NICE updates sciatica treatment guidance

Updated NICE guidance on sciatica advises against the use of anticonvulsants, oral corticosteroids and benzodiazepines.

NICE has updated its recommendations on the pharmacological management of sciatica. | GETTY IMAGES
NICE has updated its recommendations on the pharmacological management of sciatica. | GETTY IMAGES

GPs should not offer gabapentinoids or other anticonvulsants, oral corticosteroids or benzodiazepines to patients with sciatica as there is no overall evidence these drugs are beneficial and they can cause harm, according to the updated NICE guideline on low back pain and sciatica in the over 16s

Lack of evidence

The evidence reviewed by NICE showed that gabapentinoids did not improve sciatica symptoms, and oral corticosteroids did not improve pain or function, although they may improve quality of life. Both types of drugs increased the risk of adverse events in the long term. While there was no evidence that benzodiazepines increased the risk of adverse events, their efficacy in terms of pain reduction appeared to be poorer than that of placebo.

The guideline committee agreed that although the evidence about the lack of effectiveness of these drug classes was limited, the harms would outweigh the benefits for most people.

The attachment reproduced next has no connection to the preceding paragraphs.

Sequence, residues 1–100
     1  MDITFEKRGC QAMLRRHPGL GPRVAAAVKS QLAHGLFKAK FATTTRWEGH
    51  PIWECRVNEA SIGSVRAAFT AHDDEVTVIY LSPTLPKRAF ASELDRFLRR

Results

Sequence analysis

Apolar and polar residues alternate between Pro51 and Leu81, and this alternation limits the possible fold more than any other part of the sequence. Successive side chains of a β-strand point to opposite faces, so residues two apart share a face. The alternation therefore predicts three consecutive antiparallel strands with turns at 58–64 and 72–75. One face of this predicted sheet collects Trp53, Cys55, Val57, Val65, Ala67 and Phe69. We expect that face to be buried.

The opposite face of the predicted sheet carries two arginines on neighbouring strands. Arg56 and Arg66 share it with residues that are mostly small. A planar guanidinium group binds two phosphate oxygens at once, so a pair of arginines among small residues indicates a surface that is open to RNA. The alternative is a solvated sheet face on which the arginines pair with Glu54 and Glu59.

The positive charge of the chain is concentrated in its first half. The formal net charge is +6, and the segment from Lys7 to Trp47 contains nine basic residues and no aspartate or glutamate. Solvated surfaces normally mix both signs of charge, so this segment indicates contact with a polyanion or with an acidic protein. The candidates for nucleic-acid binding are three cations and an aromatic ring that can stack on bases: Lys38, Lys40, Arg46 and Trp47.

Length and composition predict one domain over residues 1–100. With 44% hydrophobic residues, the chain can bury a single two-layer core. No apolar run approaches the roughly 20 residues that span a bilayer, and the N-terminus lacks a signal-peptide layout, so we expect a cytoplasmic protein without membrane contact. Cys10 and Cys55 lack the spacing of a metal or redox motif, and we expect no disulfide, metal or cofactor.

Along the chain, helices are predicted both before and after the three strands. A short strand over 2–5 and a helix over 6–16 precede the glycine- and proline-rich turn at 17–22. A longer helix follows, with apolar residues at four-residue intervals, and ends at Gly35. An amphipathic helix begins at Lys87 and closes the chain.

The committee found no evidence on the use of opioids, or anticonvulsants other than gabapentin or pregabalin, for sciatica. Given the potential harms of long-term use, the guideline recommends against prescribing opioids for chronic sciatica. Research is needed to establish whether short-term opioid use might be beneficial for acute sciatica, it says.

There was also no evidence on the use of antidepressants, but these drugs are commonly prescribed for sciatica, and clinical experience suggests they may be of benefit in some people. The committee considered the potential for harm to be less than the harms of prolonged use of opioids.

NICE acknowledges that some people may have already been taking opioids, gabapentinoids and benzodiazepines for long periods to treat sciatica. In these cases, the prescriber should explain the risks of continuing the medicines as well as the problems associated with withdrawal. 


NICE concluded there was insufficient evidence to make a recommendation for or against the use of NSAIDs for sciatica. If prescribing NSAIDs for the condition, it advises prescribers to:

  • take into account potential differences in gastrointestinal, liver and cardio-renal toxicity, and the person's risk factors, including age
  • think about appropriate clinical assessment, ongoing monitoring of risk factors, and the use of gastroprotective treatment
  • use the lowest effective dose for the shortest possible period of time. 

No evidence was identified for paracetamol, nefopam or muscle relaxants other than benzodiazepines for the management of sciatica, but none of these are widely prescribed for sciatica.

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